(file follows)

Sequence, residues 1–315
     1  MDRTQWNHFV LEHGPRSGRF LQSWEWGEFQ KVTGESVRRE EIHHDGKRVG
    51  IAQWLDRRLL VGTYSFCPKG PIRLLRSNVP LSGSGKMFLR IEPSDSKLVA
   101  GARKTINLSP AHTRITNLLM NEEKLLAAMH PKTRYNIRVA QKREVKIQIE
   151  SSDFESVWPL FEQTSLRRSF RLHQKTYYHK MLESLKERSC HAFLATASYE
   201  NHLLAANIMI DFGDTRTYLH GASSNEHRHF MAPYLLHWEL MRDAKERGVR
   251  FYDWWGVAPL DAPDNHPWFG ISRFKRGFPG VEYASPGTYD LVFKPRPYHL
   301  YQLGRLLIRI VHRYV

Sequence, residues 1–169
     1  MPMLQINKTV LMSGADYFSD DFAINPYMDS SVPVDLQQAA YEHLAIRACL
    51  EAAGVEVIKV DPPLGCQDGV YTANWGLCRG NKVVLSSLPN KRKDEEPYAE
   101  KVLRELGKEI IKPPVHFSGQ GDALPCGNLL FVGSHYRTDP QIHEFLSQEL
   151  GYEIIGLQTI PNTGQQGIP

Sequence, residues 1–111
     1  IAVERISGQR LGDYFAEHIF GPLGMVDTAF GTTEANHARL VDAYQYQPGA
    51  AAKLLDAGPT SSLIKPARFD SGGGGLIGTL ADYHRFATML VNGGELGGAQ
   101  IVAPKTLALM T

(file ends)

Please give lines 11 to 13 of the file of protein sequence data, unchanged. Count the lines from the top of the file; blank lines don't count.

    51  EAAGVEVIKV DPPLGCQDGV YTANWGLCRG NKVVLSSLPN KRKDEEPYAE
   101  KVLRELGKEI IKPPVHFSGQ GDALPCGNLL FVGSHYRTDP QIHEFLSQEL
   151  GYEIIGLQTI PNTGQQGIP